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J Bacteriol. 2010 Mar;192(5):1279-91. doi: 10.1128/JB.01285-09. Epub 2010 Jan 8.

The three RelE homologs of Mycobacterium tuberculosis have individual, drug-specific effects on bacterial antibiotic tolerance.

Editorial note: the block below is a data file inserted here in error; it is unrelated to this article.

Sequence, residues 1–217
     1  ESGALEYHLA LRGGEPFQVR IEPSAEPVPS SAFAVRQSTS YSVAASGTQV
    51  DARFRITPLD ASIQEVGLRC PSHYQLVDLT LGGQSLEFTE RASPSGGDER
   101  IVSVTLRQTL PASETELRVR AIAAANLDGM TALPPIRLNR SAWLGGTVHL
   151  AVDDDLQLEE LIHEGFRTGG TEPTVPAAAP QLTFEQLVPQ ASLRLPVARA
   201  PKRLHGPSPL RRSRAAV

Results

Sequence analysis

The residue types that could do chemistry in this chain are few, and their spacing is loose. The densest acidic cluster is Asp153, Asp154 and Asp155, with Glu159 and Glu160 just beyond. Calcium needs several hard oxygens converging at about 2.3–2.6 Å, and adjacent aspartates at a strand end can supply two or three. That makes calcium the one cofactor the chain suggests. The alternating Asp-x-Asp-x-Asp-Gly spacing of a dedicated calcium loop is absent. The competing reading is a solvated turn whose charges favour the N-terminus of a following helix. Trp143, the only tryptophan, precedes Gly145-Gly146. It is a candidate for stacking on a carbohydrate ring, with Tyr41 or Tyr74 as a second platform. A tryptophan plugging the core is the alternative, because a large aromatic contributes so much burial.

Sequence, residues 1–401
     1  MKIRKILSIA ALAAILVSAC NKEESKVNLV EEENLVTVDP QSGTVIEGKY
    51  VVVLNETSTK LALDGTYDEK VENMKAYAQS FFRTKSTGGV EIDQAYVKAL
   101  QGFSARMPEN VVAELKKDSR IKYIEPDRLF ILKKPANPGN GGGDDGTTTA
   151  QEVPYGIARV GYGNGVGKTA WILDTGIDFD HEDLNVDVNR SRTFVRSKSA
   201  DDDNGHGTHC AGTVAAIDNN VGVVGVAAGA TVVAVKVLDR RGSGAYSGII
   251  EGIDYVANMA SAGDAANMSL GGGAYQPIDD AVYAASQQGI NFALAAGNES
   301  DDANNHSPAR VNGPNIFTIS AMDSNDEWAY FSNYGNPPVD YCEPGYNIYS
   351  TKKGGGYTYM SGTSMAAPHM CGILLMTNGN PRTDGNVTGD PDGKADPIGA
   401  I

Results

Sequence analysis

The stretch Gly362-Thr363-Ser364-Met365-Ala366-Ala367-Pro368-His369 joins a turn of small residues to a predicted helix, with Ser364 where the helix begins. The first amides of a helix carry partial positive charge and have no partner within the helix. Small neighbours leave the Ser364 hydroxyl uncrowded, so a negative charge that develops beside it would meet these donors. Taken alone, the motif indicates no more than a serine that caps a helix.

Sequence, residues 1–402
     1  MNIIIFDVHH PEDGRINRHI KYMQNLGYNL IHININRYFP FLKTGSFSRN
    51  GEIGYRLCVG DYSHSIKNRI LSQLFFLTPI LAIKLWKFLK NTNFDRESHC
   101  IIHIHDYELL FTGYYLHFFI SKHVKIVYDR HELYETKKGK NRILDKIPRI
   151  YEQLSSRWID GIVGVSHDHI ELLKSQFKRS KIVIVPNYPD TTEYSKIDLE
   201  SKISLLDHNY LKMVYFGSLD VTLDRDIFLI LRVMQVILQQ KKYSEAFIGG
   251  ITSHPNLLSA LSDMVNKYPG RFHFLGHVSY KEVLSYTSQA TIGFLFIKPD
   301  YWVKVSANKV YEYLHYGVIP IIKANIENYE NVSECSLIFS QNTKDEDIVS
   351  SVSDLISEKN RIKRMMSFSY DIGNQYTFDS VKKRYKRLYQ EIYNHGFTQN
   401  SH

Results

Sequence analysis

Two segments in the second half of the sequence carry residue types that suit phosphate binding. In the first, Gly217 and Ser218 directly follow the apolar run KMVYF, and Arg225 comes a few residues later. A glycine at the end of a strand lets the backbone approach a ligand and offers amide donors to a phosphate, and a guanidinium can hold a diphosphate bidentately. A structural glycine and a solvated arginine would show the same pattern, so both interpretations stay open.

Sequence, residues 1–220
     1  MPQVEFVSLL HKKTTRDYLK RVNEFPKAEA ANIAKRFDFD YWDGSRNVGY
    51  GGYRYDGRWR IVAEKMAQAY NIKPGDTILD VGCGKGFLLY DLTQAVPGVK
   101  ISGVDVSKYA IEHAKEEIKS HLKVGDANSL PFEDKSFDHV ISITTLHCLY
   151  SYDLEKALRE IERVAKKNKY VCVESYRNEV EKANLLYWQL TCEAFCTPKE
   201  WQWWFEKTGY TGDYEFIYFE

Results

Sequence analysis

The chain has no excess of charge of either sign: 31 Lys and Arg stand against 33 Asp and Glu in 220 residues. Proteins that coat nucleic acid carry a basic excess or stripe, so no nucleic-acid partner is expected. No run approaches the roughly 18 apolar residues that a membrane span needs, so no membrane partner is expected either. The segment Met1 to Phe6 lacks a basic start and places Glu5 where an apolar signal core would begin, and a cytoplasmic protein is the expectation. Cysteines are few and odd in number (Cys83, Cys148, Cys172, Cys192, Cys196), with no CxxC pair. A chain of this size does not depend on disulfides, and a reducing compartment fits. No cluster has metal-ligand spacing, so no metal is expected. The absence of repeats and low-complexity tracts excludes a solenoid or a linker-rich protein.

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In Escherichia coli, expression of the RelE and HipA toxins in the absence of their cognate antitoxins has been associated with generating multidrug-tolerant "persisters." Here we show that unlike persisters of E. coli, persisters of Mycobacterium tuberculosis selected with one drug do not acquire cross-resistance to other classes of drugs. M. tuberculosis has three homologs of RelE arranged in operons with their apparent antitoxins. Each toxin individually arrests growth of both M. tuberculosis and E. coli, an effect that is neutralized by coexpression of the cognate antitoxin. Overexpression or deletion of each of the RelE toxins had a toxin- and drug-specific effect on the proportion of bacilli surviving antibiotic killing. All three toxins were upregulated in vivo, but none of the deletions affected survival during murine infection. RelE2 overexpression increased bacterial survival rates in the presence of rifampin in vitro, while deletion significantly decreased survival rates. Strikingly, deletion of this toxin had no discernible effect on the level of persisters seen in rifampin-treated mice. Our results suggest that, in vivo, RelE-generated persisters are unlikely to play a significant role in the generation of bacilli that survive in the face of multidrug therapy or in the generation of multidrug-resistant M. tuberculosis.

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